Berckman Street Gets a Facelift

berckman2small

Clay underlayment was removed, crushed limerock added and new pavement on top of that—brand new Berckman Street.

After 90 Years, Fruitland Park’s Main Street is getting a new face.

Berckman Street in Fruitland Park is undergoing a major facelift as workers complete a repaving project from Dixie Avenue about one-half mile west through the city’s center to Josephine Street.

The Villages is paying for most of the work as part of a development deal to get city water for the Villages of Fruitland Park.

Community Development Director Charlie Rector said the city is spending $70,000 to pave the remaining 500 feet of Berckman and correct a 90 year-old error.

Back in 1924, city residents pitched in for the first annual Fruitland Park Cleanup Day, spreading truckloads of clay at the east end of Berckman from the railroad tracks—where the library sits—500 feet to Dixie Avenue. In 1924, that was current technology in roadbuilding, with a far more secure surface than the sand underneath.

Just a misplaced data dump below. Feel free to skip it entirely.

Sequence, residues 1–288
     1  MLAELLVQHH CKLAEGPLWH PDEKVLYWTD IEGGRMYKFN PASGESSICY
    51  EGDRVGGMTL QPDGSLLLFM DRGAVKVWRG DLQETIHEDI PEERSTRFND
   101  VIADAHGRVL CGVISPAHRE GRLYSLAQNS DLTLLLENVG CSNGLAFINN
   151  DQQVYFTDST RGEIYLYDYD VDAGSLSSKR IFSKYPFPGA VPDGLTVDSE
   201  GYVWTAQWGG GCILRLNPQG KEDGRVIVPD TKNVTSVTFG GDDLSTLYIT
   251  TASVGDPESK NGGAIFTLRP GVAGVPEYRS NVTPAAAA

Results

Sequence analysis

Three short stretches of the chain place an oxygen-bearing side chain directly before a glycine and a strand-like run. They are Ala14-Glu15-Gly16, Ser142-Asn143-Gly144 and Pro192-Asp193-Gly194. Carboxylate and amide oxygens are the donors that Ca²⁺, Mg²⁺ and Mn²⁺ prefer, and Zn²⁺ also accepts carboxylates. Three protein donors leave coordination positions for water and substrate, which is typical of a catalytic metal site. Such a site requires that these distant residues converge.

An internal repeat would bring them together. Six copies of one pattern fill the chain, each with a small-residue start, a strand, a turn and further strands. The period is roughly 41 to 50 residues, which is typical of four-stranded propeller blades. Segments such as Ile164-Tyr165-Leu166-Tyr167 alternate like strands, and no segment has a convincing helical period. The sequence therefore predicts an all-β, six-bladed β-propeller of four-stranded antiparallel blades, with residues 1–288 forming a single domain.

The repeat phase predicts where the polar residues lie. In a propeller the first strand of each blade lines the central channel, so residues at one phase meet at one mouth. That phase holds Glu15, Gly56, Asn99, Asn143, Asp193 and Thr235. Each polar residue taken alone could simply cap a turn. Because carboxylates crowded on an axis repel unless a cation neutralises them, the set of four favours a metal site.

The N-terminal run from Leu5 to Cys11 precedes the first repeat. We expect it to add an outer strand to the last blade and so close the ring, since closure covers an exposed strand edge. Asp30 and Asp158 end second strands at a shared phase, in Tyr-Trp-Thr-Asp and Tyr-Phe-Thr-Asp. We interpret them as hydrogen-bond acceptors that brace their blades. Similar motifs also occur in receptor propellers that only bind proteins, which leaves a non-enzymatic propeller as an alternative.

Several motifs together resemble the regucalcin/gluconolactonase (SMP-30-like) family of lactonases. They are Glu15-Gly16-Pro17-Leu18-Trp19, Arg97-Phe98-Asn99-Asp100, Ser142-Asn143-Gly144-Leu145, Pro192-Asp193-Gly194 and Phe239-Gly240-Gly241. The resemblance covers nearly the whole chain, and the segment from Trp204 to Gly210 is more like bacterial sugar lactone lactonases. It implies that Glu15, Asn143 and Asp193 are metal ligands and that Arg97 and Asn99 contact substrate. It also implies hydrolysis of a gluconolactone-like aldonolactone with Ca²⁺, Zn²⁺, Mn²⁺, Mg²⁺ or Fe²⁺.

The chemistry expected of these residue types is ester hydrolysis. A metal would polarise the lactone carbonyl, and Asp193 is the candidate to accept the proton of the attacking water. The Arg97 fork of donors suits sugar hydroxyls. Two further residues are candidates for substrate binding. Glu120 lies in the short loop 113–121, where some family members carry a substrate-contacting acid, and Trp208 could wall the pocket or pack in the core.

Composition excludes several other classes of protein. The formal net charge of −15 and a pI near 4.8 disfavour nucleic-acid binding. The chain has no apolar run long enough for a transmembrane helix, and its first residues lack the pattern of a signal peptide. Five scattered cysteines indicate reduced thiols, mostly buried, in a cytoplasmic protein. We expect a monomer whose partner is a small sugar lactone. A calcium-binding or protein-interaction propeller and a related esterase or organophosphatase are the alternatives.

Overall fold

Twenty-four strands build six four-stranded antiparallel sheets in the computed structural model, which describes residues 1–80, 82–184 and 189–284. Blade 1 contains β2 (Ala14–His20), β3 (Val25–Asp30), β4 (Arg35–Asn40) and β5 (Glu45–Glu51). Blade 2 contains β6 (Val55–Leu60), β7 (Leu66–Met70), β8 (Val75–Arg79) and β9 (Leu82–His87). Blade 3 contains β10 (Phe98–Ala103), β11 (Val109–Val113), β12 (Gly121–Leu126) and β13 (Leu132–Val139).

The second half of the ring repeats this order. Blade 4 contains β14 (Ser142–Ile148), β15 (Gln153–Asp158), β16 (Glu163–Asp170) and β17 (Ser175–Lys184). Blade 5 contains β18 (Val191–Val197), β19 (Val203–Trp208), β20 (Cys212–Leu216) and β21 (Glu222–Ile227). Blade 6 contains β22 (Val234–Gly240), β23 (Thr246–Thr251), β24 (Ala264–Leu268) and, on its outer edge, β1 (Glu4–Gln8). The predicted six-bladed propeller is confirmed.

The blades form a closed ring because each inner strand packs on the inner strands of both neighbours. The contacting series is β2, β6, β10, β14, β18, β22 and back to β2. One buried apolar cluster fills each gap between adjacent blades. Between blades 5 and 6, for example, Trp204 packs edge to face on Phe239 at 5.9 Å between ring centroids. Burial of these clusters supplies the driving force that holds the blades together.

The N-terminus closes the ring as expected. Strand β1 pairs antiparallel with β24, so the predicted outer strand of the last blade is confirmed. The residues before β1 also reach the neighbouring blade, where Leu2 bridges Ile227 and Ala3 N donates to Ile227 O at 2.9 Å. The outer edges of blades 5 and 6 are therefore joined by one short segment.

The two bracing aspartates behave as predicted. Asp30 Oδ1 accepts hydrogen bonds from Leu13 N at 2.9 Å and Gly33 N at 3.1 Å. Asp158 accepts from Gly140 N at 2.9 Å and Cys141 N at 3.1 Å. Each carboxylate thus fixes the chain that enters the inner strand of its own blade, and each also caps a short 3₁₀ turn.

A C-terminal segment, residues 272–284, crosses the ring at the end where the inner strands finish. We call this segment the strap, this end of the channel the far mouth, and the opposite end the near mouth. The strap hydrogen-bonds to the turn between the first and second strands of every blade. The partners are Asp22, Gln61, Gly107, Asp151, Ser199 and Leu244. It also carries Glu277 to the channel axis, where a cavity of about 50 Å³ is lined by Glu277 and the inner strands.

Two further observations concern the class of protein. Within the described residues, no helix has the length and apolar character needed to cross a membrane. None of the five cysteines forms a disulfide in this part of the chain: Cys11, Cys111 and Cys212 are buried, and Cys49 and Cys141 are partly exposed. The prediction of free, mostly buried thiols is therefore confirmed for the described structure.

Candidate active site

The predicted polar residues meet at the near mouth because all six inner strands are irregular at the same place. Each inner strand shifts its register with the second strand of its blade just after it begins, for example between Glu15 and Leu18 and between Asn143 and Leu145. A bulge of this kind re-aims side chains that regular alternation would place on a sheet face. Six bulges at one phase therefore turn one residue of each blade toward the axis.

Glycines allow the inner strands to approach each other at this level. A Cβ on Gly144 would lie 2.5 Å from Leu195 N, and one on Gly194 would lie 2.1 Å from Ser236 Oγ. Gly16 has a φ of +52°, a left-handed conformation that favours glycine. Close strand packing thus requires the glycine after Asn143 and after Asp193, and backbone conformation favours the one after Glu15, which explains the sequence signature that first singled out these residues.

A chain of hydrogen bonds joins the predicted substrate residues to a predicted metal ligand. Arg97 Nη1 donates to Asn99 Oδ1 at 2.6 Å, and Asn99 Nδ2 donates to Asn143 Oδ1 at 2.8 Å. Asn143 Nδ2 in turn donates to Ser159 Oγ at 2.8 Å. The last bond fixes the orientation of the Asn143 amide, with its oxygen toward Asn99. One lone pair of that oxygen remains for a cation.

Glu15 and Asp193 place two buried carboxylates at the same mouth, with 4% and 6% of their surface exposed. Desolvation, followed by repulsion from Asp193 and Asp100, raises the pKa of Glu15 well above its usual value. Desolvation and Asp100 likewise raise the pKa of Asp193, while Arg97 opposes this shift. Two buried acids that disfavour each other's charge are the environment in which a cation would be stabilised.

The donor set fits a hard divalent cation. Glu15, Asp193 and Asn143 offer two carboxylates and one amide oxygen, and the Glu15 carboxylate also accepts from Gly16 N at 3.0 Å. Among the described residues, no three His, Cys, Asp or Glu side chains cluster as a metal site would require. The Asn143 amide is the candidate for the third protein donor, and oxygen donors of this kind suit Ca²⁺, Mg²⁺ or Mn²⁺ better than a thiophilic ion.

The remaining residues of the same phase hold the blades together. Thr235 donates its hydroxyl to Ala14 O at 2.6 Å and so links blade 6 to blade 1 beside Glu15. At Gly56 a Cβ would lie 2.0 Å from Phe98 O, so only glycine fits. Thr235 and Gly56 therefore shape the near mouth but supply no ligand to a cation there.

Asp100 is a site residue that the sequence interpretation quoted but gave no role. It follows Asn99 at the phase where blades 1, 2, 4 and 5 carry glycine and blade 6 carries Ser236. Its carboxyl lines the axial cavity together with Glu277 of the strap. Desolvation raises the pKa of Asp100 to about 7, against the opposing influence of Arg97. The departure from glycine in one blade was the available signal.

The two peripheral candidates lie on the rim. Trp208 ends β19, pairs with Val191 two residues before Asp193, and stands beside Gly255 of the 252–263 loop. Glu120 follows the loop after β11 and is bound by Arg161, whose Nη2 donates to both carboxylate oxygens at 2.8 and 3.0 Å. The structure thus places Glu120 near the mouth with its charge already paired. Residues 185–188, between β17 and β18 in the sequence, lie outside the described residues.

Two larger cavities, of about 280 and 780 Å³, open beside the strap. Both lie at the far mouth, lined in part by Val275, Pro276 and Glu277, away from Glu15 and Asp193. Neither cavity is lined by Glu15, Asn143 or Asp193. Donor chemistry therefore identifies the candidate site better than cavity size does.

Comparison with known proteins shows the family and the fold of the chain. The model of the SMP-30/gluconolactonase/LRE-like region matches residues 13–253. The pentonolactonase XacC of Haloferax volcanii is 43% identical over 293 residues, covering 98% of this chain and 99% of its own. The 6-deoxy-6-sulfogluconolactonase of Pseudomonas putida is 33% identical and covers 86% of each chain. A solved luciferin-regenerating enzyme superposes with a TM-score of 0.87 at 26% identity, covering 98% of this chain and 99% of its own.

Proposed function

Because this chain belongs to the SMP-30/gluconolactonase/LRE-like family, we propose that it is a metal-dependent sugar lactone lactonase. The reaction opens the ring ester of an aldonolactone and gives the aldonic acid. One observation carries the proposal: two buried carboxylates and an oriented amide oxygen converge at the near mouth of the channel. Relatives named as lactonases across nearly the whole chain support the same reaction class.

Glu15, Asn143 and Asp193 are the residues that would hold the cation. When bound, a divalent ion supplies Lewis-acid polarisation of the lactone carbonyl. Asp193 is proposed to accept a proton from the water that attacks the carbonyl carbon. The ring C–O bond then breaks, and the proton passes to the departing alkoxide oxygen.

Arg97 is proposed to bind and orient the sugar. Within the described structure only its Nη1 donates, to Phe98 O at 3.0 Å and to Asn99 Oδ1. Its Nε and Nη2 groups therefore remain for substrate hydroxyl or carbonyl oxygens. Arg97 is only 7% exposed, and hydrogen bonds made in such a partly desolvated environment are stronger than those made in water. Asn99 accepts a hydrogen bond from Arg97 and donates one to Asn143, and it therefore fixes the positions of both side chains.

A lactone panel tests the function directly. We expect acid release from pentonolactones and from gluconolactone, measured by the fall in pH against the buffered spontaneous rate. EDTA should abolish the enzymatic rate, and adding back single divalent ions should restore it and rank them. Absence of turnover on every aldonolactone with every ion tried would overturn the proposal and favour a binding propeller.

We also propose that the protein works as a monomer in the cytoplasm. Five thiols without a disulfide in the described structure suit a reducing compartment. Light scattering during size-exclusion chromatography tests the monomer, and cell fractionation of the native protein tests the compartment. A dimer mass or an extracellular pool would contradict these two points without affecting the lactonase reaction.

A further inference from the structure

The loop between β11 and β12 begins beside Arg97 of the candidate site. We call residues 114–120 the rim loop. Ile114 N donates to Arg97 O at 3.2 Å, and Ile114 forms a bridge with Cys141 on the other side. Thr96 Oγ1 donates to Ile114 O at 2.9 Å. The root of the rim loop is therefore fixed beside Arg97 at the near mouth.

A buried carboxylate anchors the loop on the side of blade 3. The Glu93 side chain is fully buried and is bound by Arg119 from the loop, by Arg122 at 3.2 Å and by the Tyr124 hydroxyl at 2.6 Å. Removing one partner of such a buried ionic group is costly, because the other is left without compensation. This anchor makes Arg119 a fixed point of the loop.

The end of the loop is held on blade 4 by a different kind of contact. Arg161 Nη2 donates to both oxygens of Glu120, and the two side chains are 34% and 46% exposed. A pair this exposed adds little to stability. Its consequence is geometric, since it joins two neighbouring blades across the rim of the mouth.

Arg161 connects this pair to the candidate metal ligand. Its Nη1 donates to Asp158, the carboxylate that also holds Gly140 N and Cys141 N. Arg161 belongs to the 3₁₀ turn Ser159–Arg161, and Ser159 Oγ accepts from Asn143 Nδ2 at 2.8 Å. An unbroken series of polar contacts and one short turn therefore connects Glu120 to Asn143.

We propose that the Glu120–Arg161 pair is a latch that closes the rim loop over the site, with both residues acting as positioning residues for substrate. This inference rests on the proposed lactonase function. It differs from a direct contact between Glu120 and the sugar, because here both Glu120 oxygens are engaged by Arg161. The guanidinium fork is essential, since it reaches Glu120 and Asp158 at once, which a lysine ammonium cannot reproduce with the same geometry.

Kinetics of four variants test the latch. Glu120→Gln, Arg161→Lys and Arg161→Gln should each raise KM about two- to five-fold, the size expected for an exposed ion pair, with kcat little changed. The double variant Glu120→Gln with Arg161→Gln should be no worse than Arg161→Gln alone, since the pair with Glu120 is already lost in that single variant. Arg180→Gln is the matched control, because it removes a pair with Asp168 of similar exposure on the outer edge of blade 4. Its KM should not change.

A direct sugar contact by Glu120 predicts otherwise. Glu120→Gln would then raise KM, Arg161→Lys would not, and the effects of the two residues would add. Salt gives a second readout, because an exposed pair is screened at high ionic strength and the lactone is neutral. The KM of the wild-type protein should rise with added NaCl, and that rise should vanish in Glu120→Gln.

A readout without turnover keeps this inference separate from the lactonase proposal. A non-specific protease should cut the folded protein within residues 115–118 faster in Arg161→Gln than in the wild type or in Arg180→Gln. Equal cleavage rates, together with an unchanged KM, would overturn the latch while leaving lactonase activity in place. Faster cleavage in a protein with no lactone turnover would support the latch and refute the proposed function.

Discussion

BerckmanatDixie copy

Last month, Berckman Street was a patchwork of paved-over potholes and crumbling asphalt.

Berckman’s clay base has been paved over many times in the years since. And that’s been a problem.

Clay softens and expands when wet. Given Central Florida’s wide range of weather conditions, a small crack in the pavement soon leads to crumbling asphalt and potholes, which have been a constant problem at the intersection.

The clay is being replaced with limerock, the more standard—and much firmer—underlayment used in roadbuilding today.

“I hope we have eliminated potholes at Berckman and Dixie for many, many years,” Rector said.

The project should be complete by the end of next week. Rector said side streets have been closed for a few hours at a time during the project but Berckman has remained open.

Berckman Street was named for Augustus Berckmann, a world-famous 19th-century horticulturist whose Fruitland Nursery helped power the agricultural boom in the southeast for 50 years following the Civil War, and now serves as home to the Augusta National Golf Club and the U.S. Open golf tournament.

Leave a Reply

Your email address will not be published. Required fields are marked *

You may use these HTML tags and attributes: <a href="" title=""> <abbr title=""> <acronym title=""> <b> <blockquote cite=""> <cite> <code> <del datetime=""> <em> <i> <q cite=""> <strike> <strong>